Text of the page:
Woman in Time

Celebrating Jacquetta Hawkes

Woman in Time

Waterstones Bradford, 18 March 2015, 7-8 pm

HAW18_3_26_47

Join Tori Herridge and me (Alison Cullingford) for Woman in Time, an exploration of humanity from its earliest days through to the turbulent middle years of the 20th Century.  We use poetry and spoken word performance to tell stories of three women. One of these women died, one went on to great things, and one disappeared.  Their lives intersected on one day 80 years ago …

Part of British Science Week.  Find out more on their website and register via eventbrite here.

View original post

Educating 21st Century Women Conference

10th September 2014: Four hundred 15 year old girls, arranged around fourty-odd tables, in the lecture hall at the Queen Elizabeth II Conference Centre. And a Tardis. This was the Educating 21st Century Women conference, and I was attending as a panel speaker.

 

 

The conference was organised by Mulberry School, a truly wonderful non-selective, all-girls state school in Tower Hamlets, one of London’s most deprived boroughs. The diversity of uniforms in the room, however, was testament to the fact that girls from all over southeast England were in attendance. The atmosphere was electric, but focussed. That morning they’d heard from Mamma Mia and The Iron Lady director Phyllida Lloyd and choreographer Shobana Jeyasingh, amongst others, about gender issues in the Arts and Broadcasting. My panel, on STEM careers, was up next. So, no pressure…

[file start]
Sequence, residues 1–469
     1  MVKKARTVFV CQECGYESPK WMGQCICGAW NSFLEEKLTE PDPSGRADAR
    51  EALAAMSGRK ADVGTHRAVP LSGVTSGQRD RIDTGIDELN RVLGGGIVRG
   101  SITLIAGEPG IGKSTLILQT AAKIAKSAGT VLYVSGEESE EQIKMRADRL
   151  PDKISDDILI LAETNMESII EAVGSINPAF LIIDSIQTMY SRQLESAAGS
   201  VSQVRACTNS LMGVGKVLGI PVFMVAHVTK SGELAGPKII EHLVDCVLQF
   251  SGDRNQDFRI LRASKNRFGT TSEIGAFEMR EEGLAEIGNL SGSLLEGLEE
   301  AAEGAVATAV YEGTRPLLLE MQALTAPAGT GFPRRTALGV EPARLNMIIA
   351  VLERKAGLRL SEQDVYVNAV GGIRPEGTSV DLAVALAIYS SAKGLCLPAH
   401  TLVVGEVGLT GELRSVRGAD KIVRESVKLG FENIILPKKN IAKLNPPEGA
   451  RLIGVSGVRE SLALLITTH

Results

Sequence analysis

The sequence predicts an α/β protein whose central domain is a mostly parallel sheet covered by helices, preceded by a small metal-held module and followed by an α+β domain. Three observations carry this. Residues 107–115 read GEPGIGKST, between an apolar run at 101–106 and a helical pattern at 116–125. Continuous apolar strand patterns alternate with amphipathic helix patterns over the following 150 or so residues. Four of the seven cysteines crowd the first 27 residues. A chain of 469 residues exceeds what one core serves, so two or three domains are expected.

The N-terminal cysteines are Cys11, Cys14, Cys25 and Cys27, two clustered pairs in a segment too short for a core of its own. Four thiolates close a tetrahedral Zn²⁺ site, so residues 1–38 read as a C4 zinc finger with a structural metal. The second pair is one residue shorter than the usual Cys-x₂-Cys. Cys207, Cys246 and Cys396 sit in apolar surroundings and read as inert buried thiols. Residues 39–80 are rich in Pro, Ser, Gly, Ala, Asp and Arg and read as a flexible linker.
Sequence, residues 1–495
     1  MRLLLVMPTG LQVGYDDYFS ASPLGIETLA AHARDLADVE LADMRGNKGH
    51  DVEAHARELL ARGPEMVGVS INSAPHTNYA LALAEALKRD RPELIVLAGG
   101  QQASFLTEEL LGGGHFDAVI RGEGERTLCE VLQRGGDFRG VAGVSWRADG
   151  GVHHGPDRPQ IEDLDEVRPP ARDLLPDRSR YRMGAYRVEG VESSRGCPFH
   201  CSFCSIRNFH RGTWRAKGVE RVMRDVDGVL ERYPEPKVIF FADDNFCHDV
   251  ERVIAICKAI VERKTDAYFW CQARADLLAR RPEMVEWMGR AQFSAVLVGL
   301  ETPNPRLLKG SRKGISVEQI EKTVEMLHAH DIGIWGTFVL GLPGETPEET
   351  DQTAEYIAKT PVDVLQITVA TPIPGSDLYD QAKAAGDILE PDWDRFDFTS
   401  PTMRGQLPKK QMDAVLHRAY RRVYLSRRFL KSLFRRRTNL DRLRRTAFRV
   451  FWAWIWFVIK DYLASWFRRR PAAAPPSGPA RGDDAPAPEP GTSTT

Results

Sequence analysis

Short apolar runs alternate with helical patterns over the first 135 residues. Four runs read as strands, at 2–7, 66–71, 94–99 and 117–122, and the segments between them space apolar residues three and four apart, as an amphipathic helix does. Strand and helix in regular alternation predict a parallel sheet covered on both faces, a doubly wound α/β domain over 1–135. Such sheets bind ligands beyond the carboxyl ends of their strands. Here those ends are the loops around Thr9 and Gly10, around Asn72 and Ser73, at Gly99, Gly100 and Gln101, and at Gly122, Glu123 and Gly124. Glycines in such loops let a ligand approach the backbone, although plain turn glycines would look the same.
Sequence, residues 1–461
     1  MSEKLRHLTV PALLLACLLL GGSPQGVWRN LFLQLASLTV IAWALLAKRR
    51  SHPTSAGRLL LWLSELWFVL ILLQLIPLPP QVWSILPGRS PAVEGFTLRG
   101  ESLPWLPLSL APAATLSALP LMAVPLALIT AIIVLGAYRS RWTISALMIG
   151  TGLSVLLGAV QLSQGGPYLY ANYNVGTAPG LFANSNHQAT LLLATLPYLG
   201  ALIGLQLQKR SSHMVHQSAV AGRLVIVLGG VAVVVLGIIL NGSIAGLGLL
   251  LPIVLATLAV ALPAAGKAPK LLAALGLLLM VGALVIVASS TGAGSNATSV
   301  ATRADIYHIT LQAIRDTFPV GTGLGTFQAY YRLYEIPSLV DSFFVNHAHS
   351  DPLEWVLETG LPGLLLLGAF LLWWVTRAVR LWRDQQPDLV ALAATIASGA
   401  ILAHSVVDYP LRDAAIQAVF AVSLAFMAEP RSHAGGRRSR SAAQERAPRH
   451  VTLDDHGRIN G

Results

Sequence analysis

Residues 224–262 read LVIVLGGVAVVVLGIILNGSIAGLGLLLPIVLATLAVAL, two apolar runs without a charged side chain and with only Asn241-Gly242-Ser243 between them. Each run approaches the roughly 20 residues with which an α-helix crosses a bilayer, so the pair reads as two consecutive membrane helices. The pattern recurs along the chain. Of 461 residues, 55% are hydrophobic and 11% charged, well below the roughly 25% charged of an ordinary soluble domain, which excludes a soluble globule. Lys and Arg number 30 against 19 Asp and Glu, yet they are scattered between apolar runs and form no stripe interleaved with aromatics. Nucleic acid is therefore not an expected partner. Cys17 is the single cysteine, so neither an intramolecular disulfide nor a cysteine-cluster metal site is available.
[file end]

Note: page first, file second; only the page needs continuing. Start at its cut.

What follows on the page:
Alongside me on the panel were Lady Geek’s Belinda Parmar, Teach First’s Ndidi Okezie and Pathologist Professor Paola Domizio. Kirsten Bodely from STEMNET chaired.

Questions from the floor focussed on our career paths – how we came to do what we do, the challenges faced along the way, and what advice we’d give to girls today. Apart from the horrified gasp from the room when I told the story of me dropping arts in favour of science subjects at A Level because the course-work got in the way of my teenage social life (I’m not proud and think this May have been a big mistake), I hope my advice was sound. This is what I tried to get across:

  • be honest with yourself about what you want out of life — don’t waste your time chasing other people’s dreams for you, however well intentioned they may be.
  • don’t allow other people’s ideas of ‘success’ to define you (see above).
  • if you don’t know what you want to do, then focus your efforts on what you are good at and what you enjoy. Work at them. That ought to bring you to a place where you have a good chance of being happy.
  • Be proud of who you are, and where you came from. Don’t apologise for your origins. But equally don’t be shackled by them.
  • It’s never too late. You can change direction in your life at any point. It might be a bit harder, but it can be done.
  • Don’t let fear of failure hold you back. One of the biggest advantage privilege & wealth gives is the freedom (and confidence) to take risks and make mistakes. But even without these, it’s not the end of the world if you mess up or make the wrong choice (see also previous point).